Improving the international trading system does not require new,comprehensive multilateral agreements. Countries can derive largegains from the trading system by engaging in reforms often referredto as trade facilitation.
In broad terms, trade facilitation includes reforms aimed atimproving the chain of administrative and physical proceduresinvolved in the transport of goods and services acrossinternational borders. Countries with inadequate tradeinfrastructure, burdensome administrative processes, or limitedcompetition in trade logistics services are less capable ofbenefiting from the opportunities of expanding global trade.Companies interested in investing, buying, or selling in localmarkets are less likely to bother if there are too many frictionsrelated to document processing or cargo inspection at customs,antiquated port facilities, logistics bottlenecks, or limitedreliability of freight or trade‐financing services.
According to recent studies from the World Bank and otherinternational economic institutions, trade facilitation reformscould do more to increase global trade flows than furtherreductions in tariff rates. For many developingcountries‐particularly those that receive preferential tarifftreatment from rich countries‐reducing transportation andlogistics‐related costs through trade facilitation reforms would bemuch more beneficial than further tariff cuts.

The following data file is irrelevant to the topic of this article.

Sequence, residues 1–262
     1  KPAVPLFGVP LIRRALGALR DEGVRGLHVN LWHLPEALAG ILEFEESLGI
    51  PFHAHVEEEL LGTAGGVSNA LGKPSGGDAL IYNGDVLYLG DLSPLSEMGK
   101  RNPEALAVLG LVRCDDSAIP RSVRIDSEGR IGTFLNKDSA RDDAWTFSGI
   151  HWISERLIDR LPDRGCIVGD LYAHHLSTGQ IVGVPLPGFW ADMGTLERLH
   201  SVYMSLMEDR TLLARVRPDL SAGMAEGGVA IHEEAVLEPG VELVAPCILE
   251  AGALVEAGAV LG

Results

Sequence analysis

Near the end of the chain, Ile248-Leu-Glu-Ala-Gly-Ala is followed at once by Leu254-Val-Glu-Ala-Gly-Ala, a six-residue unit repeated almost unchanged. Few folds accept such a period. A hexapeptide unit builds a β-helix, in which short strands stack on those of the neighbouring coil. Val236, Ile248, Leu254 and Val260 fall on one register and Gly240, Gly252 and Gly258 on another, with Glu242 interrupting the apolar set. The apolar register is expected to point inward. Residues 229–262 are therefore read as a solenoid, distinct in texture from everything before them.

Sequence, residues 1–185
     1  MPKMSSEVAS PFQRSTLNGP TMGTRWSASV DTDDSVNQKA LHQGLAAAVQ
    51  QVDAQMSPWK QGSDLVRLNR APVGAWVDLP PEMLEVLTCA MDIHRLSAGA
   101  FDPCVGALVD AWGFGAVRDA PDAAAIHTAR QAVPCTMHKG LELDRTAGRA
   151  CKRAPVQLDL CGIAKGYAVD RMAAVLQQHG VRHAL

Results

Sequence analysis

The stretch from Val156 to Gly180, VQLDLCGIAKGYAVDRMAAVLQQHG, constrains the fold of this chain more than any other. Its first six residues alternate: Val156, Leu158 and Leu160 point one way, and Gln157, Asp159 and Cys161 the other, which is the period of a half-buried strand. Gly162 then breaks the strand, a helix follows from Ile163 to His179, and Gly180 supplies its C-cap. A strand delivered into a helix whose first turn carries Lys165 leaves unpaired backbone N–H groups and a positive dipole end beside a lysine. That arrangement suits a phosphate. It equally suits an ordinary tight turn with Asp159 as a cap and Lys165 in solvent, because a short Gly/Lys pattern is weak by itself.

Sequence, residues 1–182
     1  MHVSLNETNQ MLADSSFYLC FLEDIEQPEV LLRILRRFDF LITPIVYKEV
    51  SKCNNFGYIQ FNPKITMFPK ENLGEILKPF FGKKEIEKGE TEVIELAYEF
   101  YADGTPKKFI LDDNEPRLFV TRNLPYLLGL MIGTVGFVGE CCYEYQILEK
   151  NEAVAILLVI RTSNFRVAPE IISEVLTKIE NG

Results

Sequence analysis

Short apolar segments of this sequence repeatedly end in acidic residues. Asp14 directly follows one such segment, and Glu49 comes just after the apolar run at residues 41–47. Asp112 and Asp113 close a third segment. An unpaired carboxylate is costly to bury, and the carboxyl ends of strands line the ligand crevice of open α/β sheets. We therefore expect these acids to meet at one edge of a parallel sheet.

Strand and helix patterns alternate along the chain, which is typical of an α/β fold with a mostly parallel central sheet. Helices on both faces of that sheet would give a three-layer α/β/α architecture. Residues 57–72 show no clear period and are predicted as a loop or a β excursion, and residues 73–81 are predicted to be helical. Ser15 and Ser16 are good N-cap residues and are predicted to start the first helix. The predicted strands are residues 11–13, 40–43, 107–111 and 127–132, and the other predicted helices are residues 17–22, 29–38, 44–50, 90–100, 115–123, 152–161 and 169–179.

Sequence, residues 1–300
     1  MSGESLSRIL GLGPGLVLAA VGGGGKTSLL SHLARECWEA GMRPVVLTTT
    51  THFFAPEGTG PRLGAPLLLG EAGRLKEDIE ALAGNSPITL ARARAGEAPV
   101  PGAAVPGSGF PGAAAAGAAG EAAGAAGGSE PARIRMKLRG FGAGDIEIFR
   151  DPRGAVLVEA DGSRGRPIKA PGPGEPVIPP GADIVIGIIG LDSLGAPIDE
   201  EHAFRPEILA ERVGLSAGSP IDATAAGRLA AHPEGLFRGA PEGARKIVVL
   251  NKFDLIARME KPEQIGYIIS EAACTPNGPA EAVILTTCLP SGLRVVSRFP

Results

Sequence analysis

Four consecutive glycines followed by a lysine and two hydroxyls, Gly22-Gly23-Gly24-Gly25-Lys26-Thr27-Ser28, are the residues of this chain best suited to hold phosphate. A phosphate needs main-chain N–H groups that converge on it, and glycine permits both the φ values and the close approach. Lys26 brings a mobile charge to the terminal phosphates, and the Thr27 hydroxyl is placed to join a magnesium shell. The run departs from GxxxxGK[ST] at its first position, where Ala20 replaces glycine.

But trade facilitation does not only offer promise to developingcountries. All countries can benefit by removing sources offriction in their supply chains. The post‑9/11 focus on minimizingthe risk of terrorists exploiting porous international supplychains to sneak weapons of mass destruction into U.S.cities-obviously a vital objective ‑could hamper the capacity ofAmericanbased companies to attract investment and compete formarkets. Likewise, U.S. prohibitions against foreign competition intransportation services and the political antipathy toward foreigninvestment in U.S. port operations raise the costs of doingbusiness and increase the scope for trade facilitation in theUnited States.